Does nagging work? My mother would say so, and indeed her reminders to wear a helmet when cycling probably saved me a cracked skull a few years back. But what if the pokes and prods to do better and be better are coming not from someone who truly cares for your well being, but from a gadget programmed in Silicon Valley?
That’s the promise – and threat – of the internet of things, from wearable devices such as fitness bands to smart home gadgetry including connected scales and fridges. Here’s the idea: that fitness band will count your steps and inspire you to walk more. Or, in the future, your scales will tell your fridge you’re above your goal weight, and suggest a salad for dinner rather than pizza – even if the latter is exactly the mood-boosting treat you need after a stressful day.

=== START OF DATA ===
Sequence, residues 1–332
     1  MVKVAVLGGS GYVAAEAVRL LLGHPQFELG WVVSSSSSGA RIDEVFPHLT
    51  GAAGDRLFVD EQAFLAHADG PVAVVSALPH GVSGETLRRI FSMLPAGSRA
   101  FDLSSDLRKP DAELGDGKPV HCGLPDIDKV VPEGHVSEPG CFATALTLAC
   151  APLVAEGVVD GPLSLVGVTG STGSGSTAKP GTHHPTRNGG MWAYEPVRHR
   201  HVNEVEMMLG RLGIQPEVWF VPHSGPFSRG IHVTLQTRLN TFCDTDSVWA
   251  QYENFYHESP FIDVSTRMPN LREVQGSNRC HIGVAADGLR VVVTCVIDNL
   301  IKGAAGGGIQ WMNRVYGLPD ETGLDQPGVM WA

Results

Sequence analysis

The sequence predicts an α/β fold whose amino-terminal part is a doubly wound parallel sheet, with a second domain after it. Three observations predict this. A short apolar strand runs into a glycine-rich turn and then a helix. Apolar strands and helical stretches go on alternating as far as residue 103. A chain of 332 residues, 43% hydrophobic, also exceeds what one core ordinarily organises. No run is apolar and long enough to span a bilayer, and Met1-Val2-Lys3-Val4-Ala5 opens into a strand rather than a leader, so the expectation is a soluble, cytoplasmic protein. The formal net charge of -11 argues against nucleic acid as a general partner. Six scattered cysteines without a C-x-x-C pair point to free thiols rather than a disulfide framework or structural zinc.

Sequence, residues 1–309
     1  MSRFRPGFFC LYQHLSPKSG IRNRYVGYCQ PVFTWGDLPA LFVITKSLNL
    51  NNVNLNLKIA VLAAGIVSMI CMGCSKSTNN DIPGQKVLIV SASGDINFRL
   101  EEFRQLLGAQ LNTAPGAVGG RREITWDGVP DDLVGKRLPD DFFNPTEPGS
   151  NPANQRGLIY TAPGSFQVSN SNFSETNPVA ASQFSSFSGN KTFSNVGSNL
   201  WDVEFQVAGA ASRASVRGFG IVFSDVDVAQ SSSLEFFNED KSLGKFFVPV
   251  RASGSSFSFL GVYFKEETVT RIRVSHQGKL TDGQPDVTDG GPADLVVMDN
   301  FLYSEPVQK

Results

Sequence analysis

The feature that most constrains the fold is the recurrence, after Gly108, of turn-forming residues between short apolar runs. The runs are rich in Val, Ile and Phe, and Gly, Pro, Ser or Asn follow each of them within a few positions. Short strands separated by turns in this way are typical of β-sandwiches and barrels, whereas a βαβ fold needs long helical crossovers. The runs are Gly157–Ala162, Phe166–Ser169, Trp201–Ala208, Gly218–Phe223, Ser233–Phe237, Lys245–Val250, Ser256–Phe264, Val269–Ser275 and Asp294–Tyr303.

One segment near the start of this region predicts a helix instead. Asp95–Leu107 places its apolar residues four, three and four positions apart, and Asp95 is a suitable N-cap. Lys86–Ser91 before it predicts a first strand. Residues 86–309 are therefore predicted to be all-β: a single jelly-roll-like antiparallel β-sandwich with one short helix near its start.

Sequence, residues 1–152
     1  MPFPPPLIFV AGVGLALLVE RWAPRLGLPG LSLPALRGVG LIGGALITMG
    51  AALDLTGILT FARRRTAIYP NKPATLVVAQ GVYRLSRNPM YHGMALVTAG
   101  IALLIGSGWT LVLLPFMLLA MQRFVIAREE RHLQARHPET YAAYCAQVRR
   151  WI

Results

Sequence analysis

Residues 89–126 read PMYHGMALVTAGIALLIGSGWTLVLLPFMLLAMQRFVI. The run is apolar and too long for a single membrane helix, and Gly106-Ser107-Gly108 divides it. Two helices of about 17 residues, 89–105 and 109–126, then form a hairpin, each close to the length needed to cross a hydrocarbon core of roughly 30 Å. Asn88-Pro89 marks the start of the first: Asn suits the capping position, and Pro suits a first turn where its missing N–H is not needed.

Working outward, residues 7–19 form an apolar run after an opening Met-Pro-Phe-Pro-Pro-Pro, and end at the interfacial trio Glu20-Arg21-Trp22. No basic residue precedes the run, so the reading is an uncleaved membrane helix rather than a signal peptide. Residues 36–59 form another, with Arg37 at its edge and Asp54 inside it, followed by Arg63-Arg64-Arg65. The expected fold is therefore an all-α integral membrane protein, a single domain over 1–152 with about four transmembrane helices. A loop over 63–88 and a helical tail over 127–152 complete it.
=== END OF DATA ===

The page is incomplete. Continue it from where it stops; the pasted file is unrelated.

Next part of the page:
It’s the “nudge” effect, a behavioural psychology idea that has some grounding in reality but also has its critics. (The government’s own Nudge Unit has claimed successes with a wide range of areas from tax collection to organ donations, though a House of Lords committee has raised doubts.)